JARS v36n3 - The A.R.S. District Plan
The A.R.S. District Plan
Richard Brooks, Concord, Massachusetts
As most A.R.S. members are now aware, the Society's new bylaws, approved by the membership in 1980, provide that the national Board of Directors be composed of the officers of the Society plus directors elected directly by the members of groups of chapters, or districts. The grouping of the chapters into districts and the phasing in of the election procedures for District Directors are the responsibility of an ad hoc Bylaws Implementation Committee, working in collaboration with the chapters. According to the Bylaws, the grouping of the chapters into geographical districts "shall be achieved by mutual agreement between the chapters and the Board of Directors."
The committee appointed by Past President Fred Galle for this purpose consists of the following members:
Dr. E.C. Brockenbrough, Bellevue, WA
A. Richard Brooks, Concord, MA (chairman)
Dr. Furman Cantrell, Piedmont, SC
Marge Farwell, Woodside, CA
Dr. Sandra McDonald, Hampton, VA
Britt Smith, Kent, WA
Ted Van Veen, Portland, OR
Dr. Franklin West, Philadelphia, PA
As a result of its deliberations, the Committee tentatively adopted a grouping of the chapters into twelve geographical districts, as listed in the Journal , Spring 1982, page 82 subject to approval by the chapters and the Board. It was also agreed that the first four districts whose component chapters accepted the district plan should each elect a District Director and a District Director Alternate in the spring of 1982; the remaining districts, in sequence of ratification, would hold elections in the springs of 1983 and 1984. Thus each group of new District Directors annually for the ensuing three years would replace the outgoing four elected members of the present Board, as well as the chapter presidents from the districts electing new Directors.
The district plan was forwarded to each chapter president, with a request for feedback or affirmative action by the chapter. Following subsequent communications between the chapters and the Committee members responsible for each geographical area, Districts 4 (Oregon), 5 (California), 7 (New York/northern New Jersey), 8 (Philadelphia area) and 9 (Virginia/Maryland) accepted the plan and were approved as districts by the Board at its meeting in Newport, Oregon, in October 1981. Districts 4, 5, 8 and 9, the first four to accept, proceeded to elect District Directors and Alternates in April 1982, as follows:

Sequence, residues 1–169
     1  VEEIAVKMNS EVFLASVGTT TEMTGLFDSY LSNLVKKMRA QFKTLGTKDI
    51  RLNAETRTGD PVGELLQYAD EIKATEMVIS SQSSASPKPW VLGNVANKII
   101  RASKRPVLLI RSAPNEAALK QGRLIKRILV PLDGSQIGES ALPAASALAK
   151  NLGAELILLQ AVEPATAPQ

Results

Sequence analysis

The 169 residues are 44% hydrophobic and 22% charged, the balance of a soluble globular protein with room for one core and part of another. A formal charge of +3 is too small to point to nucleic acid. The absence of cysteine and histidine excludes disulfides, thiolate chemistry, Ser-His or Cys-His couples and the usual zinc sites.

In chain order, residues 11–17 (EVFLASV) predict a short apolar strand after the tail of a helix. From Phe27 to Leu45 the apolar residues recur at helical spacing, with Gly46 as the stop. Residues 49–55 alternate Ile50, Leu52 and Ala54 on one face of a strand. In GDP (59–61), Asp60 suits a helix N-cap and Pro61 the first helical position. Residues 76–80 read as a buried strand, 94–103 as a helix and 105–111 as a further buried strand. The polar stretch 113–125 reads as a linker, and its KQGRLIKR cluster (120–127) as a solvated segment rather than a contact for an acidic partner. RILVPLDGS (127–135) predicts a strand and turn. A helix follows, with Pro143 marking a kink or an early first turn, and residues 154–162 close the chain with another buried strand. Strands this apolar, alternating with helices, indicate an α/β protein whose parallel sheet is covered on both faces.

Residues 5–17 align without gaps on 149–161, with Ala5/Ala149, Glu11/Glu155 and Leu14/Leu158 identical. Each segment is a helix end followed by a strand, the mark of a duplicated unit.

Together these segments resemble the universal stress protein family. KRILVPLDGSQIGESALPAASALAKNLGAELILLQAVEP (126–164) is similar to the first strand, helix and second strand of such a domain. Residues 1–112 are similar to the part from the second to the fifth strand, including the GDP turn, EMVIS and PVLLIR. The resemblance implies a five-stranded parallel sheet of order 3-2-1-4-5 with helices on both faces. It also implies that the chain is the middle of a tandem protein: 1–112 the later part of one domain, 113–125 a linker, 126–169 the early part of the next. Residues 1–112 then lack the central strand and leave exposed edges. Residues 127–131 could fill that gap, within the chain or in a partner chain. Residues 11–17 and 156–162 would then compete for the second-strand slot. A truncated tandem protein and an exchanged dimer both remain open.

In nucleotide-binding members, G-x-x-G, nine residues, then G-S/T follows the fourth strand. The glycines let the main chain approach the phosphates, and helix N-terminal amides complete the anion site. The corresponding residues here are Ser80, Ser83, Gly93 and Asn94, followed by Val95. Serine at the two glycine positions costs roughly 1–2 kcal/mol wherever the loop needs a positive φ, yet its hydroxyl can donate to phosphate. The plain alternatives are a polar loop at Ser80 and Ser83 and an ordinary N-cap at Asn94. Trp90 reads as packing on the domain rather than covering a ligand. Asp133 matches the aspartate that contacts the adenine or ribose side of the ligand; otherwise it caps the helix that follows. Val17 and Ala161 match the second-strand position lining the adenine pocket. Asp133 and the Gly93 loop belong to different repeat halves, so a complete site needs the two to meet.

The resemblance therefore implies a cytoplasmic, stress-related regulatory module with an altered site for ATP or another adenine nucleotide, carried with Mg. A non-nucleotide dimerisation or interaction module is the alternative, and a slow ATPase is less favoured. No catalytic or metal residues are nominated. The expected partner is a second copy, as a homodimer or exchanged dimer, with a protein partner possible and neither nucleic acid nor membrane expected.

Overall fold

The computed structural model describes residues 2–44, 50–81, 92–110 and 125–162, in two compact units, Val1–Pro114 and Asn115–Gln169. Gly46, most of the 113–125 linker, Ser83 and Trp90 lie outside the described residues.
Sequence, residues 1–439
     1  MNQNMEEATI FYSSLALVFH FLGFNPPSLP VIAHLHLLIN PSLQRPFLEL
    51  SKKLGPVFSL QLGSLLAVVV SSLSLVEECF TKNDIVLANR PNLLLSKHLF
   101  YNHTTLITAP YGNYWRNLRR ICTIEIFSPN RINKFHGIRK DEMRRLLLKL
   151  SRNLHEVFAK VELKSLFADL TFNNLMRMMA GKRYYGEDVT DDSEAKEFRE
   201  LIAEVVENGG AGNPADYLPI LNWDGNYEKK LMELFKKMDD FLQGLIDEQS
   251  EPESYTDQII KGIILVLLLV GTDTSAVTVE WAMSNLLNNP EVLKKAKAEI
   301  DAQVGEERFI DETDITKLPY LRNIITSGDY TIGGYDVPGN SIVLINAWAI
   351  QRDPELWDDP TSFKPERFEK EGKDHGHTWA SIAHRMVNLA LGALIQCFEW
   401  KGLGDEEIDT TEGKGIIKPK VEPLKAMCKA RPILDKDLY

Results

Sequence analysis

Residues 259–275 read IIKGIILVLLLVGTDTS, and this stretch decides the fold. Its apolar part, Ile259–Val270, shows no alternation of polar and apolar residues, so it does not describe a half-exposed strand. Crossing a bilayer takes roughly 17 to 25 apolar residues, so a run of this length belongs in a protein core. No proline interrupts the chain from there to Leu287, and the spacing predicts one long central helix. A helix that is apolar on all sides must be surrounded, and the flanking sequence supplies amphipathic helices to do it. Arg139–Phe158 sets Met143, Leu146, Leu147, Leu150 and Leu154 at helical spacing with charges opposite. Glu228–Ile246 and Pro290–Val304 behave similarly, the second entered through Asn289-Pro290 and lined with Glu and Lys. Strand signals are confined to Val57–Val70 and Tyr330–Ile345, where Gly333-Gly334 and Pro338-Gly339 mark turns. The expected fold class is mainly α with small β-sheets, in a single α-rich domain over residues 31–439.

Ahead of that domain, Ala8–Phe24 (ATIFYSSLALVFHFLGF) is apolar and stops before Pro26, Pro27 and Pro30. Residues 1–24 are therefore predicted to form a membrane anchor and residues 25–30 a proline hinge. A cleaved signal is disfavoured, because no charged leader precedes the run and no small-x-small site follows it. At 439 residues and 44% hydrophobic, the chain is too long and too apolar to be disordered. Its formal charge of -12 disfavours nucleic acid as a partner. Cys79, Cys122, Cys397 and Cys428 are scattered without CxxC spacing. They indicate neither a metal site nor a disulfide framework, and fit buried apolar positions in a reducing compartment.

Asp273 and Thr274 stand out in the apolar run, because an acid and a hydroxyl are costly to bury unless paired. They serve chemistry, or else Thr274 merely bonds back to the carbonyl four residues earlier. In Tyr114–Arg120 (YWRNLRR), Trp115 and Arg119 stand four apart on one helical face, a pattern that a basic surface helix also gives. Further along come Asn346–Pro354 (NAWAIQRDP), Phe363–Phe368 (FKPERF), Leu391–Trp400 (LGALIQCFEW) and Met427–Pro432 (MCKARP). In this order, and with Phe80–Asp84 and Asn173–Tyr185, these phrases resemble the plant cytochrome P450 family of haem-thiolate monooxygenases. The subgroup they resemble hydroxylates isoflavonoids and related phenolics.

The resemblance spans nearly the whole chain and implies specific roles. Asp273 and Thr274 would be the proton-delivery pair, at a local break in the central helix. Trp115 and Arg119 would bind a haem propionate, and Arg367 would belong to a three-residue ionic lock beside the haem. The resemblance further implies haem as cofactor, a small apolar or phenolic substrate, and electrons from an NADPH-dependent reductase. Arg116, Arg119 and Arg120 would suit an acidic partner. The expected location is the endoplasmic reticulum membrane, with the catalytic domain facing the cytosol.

District 4 David W. Goheen, Ph.D.; Herbert Spady, M.D., Alternate
District 5 Everett E. Farwell, Jr.; Keith Elliott, Alternate
District 8 Edward W. Collins; Fred Winter, M.D., Alternate
District 9 Austin Kennell; Donald W. Hyatt, Alternate
Three additional districts — Districts 1 (British Columbia/Komo Kulshan), 2 (Seattle) and 10 (Southeast) — have since accepted the plan and were approved by the Board at its meeting in Bethesda, Maryland, in May 1982. These three, together with District 7, will hold their elections in the spring of 1983. Assuming agreement between the chapters and the Board, the remaining districts will elect their District Directors in the spring of 1984, thus completing the phasing-in process.
The Denmark Chapter has chosen to be represented on the Board by the Director-at-Large, who also represents all non-chapter members, rather than electing its own District Director.
It should be emphasized that while participation by chapters and individuals in the nomination process is encouraged, names of possible candidates should be submitted to the chapter presidents in the District, who under the new Bylaws act as a nominating committee for the District, rather than to the Executive Secretary. The nominating committee in each District is responsible for transmitting the names and biographies of its candidates to the Executive Secretary, who in turn mails ballots to all the members in each District holding an election.
As a further point of clarification, the Bylaws call for candidates to be named for each of the two positions — District Director and District Director Alternate — not for the election of the runner-up as District Director Alternate.
An encouraging aspect of the elections just held in Districts 4, 5, 8 and 9 was the 44% response in ballots received from the members in those districts, a much higher return than in any recent nationwide election under the former bylaws. Quite apparently, this increased participation in Society affairs is a beneficial result of the representational restructuring of the Society, as embodied in the new Bylaws.